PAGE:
The New York Times published an interview with John Ashbery recently in which Ashbery said, “My own autobiography is so uninteresting to me I have always thought it surely wouldn’t interest anyone else.” He went on to explain that he always thought “other people would find it boring.” This disinclincation to write about the personal, to view the personal narrative as a kind of hubris, seems to underline many of my own concerns in writing. I’m drawn to narrative, both in my reading and my writing, but I struggle with how to make narrative compelling and not just an exercise in narcissism. So much narrative (my own included, though hopefully not always) seems to have a loud and strident I at the center of it, clamoring for attention, “wearing out its welcome,” as Ashberry says.
And yet – and yet I love stories. I love a huge, long chunk of complicated narrative with multiple characters and twists and turns. Though I’m embarassed to admit it, I’ve sometimes chosen among books based on the solid weight of a longer book, hoping that greater length will offer a more complete fictional world in which to immerse myself. I’m drawn to novels (this, this, and this, for example, and even this, surely the first truly deliciously trashy novel in English) and television (like this, this, and dear heaven am I excited for the return of this) that offer complex characters and narrative. If loving you is wrong, Dr Jack Shephard, I don’t want to be right.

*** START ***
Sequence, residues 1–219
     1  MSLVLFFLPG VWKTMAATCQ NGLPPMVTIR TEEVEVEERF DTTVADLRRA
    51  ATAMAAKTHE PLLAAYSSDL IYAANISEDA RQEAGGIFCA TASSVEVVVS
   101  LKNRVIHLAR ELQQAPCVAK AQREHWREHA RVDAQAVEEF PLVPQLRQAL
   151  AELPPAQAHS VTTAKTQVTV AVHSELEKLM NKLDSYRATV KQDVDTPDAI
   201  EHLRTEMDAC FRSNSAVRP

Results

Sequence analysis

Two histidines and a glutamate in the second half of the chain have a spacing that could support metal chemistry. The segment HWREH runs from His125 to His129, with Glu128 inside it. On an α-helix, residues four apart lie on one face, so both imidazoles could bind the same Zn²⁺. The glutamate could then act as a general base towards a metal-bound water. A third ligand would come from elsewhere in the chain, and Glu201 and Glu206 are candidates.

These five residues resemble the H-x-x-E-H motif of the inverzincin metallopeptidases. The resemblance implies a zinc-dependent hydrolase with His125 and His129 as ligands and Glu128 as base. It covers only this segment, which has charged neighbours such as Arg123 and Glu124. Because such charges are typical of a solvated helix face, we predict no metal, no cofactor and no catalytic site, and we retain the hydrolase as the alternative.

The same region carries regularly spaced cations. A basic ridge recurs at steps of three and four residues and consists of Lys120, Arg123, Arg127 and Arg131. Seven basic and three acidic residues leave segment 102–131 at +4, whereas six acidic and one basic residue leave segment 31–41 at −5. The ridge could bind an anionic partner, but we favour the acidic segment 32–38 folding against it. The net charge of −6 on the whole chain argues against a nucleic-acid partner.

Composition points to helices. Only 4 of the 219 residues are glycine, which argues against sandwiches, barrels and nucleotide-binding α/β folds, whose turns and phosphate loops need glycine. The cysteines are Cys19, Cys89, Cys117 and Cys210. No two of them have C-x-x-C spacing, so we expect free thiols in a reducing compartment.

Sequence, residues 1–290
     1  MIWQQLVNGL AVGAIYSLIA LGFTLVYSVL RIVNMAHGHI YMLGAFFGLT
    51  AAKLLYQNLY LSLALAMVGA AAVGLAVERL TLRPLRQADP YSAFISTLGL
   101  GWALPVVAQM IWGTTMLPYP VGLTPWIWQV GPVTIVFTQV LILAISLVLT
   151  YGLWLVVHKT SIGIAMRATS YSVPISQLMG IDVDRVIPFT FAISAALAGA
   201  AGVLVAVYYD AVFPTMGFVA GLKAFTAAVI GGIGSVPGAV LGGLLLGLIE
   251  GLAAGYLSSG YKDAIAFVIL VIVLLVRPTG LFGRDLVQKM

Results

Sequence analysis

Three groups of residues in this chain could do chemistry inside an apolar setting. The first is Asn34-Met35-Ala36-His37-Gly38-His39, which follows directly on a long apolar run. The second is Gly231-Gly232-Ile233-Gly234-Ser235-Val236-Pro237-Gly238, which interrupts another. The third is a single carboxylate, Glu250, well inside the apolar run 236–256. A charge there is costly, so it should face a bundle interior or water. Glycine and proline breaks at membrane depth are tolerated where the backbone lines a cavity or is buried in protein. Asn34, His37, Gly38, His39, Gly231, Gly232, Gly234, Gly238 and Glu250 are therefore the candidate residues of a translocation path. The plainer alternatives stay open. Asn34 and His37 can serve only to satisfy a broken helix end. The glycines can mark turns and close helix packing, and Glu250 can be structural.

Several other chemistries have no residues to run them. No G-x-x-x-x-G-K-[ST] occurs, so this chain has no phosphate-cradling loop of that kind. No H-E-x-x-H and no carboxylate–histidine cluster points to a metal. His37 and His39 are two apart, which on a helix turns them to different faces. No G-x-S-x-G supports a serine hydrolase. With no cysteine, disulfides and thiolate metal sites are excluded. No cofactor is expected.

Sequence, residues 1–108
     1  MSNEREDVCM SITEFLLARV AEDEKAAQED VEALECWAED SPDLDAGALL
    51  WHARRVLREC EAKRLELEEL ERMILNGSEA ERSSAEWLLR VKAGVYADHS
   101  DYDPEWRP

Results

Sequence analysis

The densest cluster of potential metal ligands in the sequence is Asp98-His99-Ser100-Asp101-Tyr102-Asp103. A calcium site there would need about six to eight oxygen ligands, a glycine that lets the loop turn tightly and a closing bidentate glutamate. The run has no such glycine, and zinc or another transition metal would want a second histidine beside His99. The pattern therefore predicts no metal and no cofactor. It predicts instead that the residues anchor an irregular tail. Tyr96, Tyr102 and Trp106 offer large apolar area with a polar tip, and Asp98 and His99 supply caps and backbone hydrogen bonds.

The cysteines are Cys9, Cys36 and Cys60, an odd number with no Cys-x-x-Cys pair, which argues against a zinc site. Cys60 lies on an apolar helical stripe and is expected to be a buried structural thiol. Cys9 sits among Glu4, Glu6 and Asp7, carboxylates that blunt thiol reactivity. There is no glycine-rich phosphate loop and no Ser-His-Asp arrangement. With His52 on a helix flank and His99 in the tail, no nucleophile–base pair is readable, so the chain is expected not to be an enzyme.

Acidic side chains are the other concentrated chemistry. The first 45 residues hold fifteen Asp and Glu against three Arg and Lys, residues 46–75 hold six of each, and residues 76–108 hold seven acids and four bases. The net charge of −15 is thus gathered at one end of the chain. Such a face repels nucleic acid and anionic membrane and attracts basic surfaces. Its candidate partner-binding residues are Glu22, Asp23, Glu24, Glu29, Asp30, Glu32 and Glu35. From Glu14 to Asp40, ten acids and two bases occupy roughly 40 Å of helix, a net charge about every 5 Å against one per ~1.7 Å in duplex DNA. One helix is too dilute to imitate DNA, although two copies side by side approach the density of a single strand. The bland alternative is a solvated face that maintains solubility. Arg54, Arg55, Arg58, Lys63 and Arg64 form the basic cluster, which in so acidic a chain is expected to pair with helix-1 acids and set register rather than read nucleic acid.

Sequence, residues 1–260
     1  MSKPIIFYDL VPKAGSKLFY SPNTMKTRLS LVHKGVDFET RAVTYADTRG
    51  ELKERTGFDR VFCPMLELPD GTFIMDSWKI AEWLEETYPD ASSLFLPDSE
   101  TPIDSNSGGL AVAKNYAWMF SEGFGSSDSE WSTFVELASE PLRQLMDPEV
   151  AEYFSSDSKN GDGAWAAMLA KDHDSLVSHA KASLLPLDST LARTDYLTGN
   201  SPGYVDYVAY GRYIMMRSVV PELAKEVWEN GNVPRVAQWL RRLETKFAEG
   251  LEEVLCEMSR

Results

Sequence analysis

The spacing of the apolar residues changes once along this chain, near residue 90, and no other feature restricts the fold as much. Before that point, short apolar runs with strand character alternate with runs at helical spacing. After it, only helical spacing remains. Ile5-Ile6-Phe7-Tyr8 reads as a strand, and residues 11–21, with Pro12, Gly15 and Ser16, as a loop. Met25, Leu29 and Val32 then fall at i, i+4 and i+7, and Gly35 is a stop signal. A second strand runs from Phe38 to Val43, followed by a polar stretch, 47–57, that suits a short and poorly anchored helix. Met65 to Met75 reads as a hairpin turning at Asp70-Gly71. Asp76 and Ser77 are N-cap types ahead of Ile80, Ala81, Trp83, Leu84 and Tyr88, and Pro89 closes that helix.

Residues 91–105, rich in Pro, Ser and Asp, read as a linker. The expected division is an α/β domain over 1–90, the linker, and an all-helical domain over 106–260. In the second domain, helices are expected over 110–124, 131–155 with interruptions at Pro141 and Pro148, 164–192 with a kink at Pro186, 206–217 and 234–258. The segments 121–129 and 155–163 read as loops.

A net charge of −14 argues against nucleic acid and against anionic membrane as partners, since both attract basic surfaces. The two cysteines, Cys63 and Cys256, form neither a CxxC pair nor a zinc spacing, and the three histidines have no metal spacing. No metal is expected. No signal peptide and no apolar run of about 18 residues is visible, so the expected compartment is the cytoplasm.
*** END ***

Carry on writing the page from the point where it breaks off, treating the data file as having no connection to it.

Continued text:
I realize, of course, that I’m conflating narrative and personal narrative – but I do think they’re united by their unhipness in the current literary aesthetic. I often feel a certain guilt over my interest in narrative, as if it means I just can’t get over myself and look around at the rest of the world. And I do have hobbies other than navel-gazing, though they all have to happen before my 9PM bedtime. If there’s anything more unhip than staying in Friday nights to watch a show about a race of robots attacking our human ancestors, it’s a job that requires me to get up so early I can’t stay up past 10PM for the life of me.
None of this, of course, is meant in any way to malign John Ashbery, who could certainly kick my ass, in both a literary and a real-life brawl.
It’s meant, I suppose, as a kind of explanation to myself and to you, dear Interweb, for the birth of this blog. I come to most technology late, but I’ve been reading several blogs for over a year now – a random collection that will soon be listed here, just as soon as my computer-idiot brain can figure out how – but have been resisting the occasional interest in starting my own, feeling perhaps that the gods might smite me for my insistent hubris. My lovely friend H. and I had a conversation over Christmas that persuaded me to look at blogging differently, as a way of joining a kind of conversation that it’s increasingly difficult to have, in our harried and geographically-inconvenient lives.
And so, dear Interweb – into the fray.